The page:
(Bloomberg) -- Civil rights organizations criticized Facebook Inc. following a meeting with top executives Tuesday, claiming the company hasn’t taken seriously demands to better police its service from hate speech and misinformation.“Facebook approached our meeting today like it was nothing more than a PR exercise,” Jessica González, co-chief executive officer of Free Press, a non-profit media advocacy group, said in a statement following the meeting. “I’m deeply disappointed that Facebook still refuses to hold itself accountable to its users, its advertisers and society at large.”Facebook CEO Mark Zuckerberg and Chief Operating Officer Sheryl Sandberg also met with members of the NAACP, the Anti-Defamation League and Color of Change, who have organized a boycott of the company’s advertising products in seeking to prompt change. The executives didn’t “commit to a timeline” to remove disinformation and hate speech, Gonzalez said, but instead “delivered the same old talking points to try to placate us without meeting our demands.”“The meeting we just left was a disappointment,” said Rashad Robinson, president of Color of Change, on a call with reporters.The forum, which lasted about an hour and was held over video conference, was intended to be a venue to discuss proposed solutions to making the Facebook platform less toxic, such as adding executives with civil rights experience to its top ranks and fact-checking political speech, among other changes.“Today we saw little and heard just about nothing,” said Jonathan Greenblatt, CEO of the Anti-Defamation League, who was in the meeting. “The company is functionally flawed.”Since the groups called for the boycott, hundreds of advertisers, including well-known brands such as Unilever NV, Verizon Communications Inc., and Coca-Cola Co., have announced plans to pull advertising from Facebook’s properties over criticism the company doesn’t do enough to police user content. As the boycott grew, Facebook approached the civil rights organizations about a meeting, though the groups refused to meet without Zuckerberg in attendance.“They want Facebook to be free of hate speech and so do we,” Facebook said in a statement following the meeting. The company pointed to efforts it has made in recent years, including a mention of an audit of its policies and practices and noting that it has spent billions of dollars building systems to police its service. “We know we will be judged by our actions not by our words and are grateful to these groups and many others for their continued engagement.”Facebook has defended its attempts to fight hate speech and voter suppression in emails and phone calls with advertisers, talking up the company’s automated systems which find and remove these kinds of posts automatically. The company has also highlighted a voter registration initiative through which it hopes to register 4 million voters before the 2020 election.Greenblatt described Facebook’s claim that it catches 89% of hate speech automatically as an unacceptable number. “The Ford Motor Co. can’t say that 89% of our fleet has seatbelts that work,” he said, adding that it would require a recall. “Maybe it’s time we recall Facebook Groups? Maybe it’s time we recall the News Feed?”Another topic of discussion on the call was the civil rights audit of Facebook’s policies, which the company first started in mid-2018. Facebook, which has said it will publish the full report Wednesday, previewed some of the results with the civil rights groups during the meeting. The audit was carried out by a third party, meaning the results are independent of Facebook, but also that they are less likely to lead to change, Robinson said.“What we get is recommendations that they end up not implementing,” he added. Facebook will make some changes to add “long term civil rights infrastructure” to the company, but Robinson said the details were still “unclear.”What was clear from the outset was that the two sides wouldn’t likely come to a resolution on Tuesday. In a post before the meeting started, Sandberg acknowledged that Facebook needs to do more to fight hate speech, but also said that the company is unlikely to implement all the recommendations from the civil rights audit.The civil rights groups said that their fight with Facebook is far from over. “I believe this campaign will continue to grow,” Greenblatt said. “It will get more global, it will get more intense until we get the answers that I think we are looking for.”(Updates with more details from meeting starting from sixth paragraph.)For more articles like this, please visit us at bloomberg.comSubscribe now to stay ahead with the most trusted business news source.©2020 Bloomberg L.P.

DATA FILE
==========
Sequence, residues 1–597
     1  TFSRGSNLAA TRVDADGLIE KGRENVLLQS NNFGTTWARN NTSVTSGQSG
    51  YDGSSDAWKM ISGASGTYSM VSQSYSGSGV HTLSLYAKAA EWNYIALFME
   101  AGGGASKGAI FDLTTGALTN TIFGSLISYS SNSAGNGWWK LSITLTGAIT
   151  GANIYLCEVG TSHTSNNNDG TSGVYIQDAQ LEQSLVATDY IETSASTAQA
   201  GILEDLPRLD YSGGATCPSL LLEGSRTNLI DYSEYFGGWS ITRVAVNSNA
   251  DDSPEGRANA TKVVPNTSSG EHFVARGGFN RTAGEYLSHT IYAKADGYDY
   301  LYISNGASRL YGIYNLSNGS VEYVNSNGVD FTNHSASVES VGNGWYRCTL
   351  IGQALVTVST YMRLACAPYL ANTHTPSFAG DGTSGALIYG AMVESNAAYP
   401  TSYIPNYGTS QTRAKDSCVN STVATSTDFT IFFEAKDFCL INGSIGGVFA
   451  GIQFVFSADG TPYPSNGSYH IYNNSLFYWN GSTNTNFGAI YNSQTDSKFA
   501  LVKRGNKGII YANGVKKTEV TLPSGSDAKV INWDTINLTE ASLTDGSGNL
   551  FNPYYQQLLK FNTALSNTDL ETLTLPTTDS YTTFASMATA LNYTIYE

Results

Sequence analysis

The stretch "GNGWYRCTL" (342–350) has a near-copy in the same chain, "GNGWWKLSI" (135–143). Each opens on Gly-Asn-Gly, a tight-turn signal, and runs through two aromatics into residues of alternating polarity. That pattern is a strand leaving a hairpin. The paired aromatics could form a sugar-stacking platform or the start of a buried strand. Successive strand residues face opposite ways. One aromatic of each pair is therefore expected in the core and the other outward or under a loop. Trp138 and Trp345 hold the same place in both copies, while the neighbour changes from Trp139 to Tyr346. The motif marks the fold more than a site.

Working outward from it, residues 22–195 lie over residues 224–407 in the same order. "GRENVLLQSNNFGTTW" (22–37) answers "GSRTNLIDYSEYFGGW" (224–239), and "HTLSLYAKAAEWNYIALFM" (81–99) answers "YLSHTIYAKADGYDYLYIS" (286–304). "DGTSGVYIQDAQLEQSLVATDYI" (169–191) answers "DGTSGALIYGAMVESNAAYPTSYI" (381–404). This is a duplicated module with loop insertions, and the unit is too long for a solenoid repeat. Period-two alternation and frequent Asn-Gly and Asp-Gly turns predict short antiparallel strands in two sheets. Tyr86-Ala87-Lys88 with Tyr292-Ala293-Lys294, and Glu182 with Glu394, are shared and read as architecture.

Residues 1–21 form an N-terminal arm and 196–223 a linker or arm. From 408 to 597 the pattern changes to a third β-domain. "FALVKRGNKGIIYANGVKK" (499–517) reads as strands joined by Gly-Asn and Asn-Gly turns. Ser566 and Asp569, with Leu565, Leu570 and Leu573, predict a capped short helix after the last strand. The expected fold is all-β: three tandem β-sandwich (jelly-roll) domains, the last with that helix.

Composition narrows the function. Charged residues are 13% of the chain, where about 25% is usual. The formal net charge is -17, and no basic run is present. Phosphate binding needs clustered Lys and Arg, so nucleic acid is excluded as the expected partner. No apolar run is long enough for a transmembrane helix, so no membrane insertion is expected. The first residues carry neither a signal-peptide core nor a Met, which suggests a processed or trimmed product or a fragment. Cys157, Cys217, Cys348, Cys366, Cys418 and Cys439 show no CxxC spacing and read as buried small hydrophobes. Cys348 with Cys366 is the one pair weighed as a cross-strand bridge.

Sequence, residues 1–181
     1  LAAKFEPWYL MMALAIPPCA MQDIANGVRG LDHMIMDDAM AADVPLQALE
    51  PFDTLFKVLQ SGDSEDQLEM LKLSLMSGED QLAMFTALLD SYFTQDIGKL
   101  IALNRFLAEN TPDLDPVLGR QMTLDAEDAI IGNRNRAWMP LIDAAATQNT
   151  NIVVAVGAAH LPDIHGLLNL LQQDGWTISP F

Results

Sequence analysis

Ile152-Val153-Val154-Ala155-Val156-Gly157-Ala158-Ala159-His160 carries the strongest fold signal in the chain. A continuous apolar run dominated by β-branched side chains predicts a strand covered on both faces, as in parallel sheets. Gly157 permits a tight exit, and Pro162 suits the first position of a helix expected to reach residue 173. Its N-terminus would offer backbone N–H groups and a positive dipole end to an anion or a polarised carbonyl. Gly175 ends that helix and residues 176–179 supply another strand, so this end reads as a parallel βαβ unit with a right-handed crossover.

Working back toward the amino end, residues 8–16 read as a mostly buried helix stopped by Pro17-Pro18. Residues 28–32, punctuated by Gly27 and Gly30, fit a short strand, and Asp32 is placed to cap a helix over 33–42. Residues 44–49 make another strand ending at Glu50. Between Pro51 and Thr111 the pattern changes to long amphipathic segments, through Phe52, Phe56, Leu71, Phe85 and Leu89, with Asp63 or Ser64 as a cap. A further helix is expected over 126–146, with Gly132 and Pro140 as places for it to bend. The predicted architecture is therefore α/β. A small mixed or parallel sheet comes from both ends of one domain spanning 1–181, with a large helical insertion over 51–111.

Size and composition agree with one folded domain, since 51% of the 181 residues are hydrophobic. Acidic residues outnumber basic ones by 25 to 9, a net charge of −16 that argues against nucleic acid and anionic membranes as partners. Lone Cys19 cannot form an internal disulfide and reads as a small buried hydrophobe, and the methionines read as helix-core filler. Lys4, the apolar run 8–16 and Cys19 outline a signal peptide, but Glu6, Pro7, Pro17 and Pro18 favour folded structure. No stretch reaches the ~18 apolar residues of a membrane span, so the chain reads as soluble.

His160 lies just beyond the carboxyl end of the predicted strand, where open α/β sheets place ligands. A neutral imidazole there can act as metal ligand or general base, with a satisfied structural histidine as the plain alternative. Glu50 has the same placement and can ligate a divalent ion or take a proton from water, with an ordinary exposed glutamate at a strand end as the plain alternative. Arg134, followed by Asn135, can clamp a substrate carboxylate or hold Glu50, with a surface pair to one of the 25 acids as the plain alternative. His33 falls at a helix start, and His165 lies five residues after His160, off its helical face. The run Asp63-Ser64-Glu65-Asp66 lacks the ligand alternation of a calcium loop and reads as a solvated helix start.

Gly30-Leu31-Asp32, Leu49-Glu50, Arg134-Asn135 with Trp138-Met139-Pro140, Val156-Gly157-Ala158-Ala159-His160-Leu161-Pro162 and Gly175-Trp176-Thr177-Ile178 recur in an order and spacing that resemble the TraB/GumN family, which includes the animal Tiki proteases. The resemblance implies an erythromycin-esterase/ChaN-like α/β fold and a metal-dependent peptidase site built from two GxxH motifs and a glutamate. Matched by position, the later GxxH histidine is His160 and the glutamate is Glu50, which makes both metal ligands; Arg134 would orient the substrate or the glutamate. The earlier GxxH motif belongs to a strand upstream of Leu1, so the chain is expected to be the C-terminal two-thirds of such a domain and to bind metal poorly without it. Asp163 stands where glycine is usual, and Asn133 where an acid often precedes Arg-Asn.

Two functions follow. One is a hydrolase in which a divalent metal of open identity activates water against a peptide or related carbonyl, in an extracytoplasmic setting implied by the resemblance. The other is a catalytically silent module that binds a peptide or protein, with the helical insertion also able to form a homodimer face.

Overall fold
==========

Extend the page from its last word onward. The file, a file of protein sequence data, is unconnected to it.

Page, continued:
Ford Motor Co is in discussions with its lenders to extend maturities on US$5.35bn in existing credit facilities, two sources familiar with the discussions said. The second-largest US automaker has reached out to lenders within its top 20 bank group for a one-year extension of its US$3.35bn three-year main corporate revolving credit facility and US$2bn three-year supplemental revolving credit facility. The company is offering an all-in spread of 225bp over Libor, split between a drawn spread of 175bp and an undrawn fee of 50bp for the main corporate and supplemental revolving credit facilities, one of the sources said.